4 Tips For Stretching A Bar Of Soap In The Shower

Use a washcloth, or a loofah, instead of your hands.                                              

Your hands have this amazing inability to produce and retain lather.  It’s the nature of the beast.  So then, why do we keep trying to use them, over and over, to make lather? Wash smarter by using a washcloth or loofah.  Get it soapy once with a couple good rubs of the bar, and then put the bar away.  The washcloth or loofah will absorb the lather and keep it going for you, so you can keep on washing.  All while using less soap.

Keep it out of water. 

When you’re done smothering your washcloth or loofah, that is. Storing soap in the stream of water and/or steam, or on a solid ledge built into the shower, will make the soap break down quicker. Have you ever opened a bar of soap, and then mysteriously just a few weeks later it’s suddenly melted into nothing?  Blame the water. Use something that encourages air flow like a soap dish so the water can drain off and the soap can dry.  Then, keep that ledge at the opposite end of the shower so it dries faster.  The key is air circulation, so skip the fancy dishes that don’t have holes.  You want holes, and the more the better.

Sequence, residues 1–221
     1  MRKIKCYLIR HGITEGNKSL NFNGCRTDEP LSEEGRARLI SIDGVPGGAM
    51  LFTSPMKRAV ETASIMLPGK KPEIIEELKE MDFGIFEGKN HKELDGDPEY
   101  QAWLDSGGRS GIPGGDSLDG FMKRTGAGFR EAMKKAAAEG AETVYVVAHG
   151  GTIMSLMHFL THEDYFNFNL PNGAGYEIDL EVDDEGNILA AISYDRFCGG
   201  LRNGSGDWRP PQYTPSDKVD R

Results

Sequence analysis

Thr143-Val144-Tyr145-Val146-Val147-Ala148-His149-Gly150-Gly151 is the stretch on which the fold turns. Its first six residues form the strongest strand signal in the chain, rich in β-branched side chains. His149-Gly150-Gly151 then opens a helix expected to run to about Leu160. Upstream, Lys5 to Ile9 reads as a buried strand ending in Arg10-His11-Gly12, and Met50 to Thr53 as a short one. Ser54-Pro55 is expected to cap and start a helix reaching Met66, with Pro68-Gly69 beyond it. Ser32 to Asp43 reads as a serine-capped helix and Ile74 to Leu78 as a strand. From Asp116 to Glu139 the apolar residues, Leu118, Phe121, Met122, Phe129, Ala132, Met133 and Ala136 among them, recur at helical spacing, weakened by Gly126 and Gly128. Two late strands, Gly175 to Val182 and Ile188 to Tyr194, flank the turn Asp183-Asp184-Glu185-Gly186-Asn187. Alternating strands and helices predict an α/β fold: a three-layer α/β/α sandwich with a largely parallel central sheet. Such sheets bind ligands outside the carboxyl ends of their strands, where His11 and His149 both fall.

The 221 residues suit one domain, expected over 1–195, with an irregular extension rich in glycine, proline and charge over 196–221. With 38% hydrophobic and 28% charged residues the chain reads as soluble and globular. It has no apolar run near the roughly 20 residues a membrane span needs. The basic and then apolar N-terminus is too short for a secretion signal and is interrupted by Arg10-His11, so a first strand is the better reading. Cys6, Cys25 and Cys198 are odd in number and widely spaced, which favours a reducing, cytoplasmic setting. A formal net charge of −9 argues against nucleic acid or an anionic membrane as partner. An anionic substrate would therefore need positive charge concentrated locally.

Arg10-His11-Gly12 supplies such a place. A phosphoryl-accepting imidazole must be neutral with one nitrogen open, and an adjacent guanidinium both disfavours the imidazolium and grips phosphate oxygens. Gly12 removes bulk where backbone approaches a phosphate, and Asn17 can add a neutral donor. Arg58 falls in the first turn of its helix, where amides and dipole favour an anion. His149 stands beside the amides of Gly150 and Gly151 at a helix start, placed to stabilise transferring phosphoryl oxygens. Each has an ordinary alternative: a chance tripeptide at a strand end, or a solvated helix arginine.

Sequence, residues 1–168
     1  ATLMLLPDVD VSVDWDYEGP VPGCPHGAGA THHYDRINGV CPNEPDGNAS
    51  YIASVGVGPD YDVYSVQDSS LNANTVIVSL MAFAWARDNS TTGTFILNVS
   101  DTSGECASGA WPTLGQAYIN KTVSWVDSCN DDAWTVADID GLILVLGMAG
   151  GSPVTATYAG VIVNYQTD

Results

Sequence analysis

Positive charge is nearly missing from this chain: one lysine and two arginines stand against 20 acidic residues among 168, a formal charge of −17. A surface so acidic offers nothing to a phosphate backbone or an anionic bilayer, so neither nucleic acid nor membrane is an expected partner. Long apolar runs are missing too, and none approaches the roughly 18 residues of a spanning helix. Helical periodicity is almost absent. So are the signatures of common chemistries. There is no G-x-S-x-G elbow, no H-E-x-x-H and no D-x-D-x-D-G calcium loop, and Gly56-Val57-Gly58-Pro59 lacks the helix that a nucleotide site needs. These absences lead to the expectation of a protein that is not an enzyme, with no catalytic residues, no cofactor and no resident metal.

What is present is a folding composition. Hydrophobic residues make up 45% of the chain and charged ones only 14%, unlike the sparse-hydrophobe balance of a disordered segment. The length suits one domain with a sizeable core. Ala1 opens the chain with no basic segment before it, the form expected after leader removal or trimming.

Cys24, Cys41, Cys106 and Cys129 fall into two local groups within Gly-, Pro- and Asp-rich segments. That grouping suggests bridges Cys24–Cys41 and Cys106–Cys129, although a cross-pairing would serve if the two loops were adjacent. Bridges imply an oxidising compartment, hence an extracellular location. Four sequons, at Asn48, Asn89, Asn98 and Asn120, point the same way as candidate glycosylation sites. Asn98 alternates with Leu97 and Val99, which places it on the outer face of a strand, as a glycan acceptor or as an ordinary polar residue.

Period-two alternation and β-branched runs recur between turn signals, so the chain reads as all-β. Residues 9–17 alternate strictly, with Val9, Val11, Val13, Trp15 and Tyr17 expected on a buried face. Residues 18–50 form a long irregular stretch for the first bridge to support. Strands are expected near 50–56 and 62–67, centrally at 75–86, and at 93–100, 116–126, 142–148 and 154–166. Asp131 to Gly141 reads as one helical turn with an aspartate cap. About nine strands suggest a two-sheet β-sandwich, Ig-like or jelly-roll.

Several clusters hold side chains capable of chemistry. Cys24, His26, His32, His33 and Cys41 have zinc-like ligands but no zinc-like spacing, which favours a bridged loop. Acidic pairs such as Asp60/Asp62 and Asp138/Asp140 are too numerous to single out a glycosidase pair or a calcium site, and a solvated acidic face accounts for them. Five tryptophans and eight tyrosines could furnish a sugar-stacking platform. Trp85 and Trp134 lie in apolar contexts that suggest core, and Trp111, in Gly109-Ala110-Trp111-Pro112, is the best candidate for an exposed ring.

Let it air dry, completely. 

If multiple people are using the same bar of soap each morning, one person right after another, the bar will always be wet and never fully dry… and therefore, continuously in the process of melting.  However, if the bar is allowed to dry completely before being used again, it’ll last much longer.

Give each person their own bar of soap – and each their own ledge – allowing the bars to dry completely before using again, and your toiletry budget will thank you.

Cut the bar into pieces.

There’s a thought that bigger bars of soap last longer.  However, there is scientific evidence to the idea that a smaller surface area of soap means less soap hits the water, meaning the soap will last longer. Take your bar of soap to the kitchen and cut it in half, or thirds if you can.  Swap a smaller bar for a bigger bar and you’re done. Remember we self soap loaves and you have the ability to cut to your liking. Typically a soap loaf can last an individual up to 1 year.

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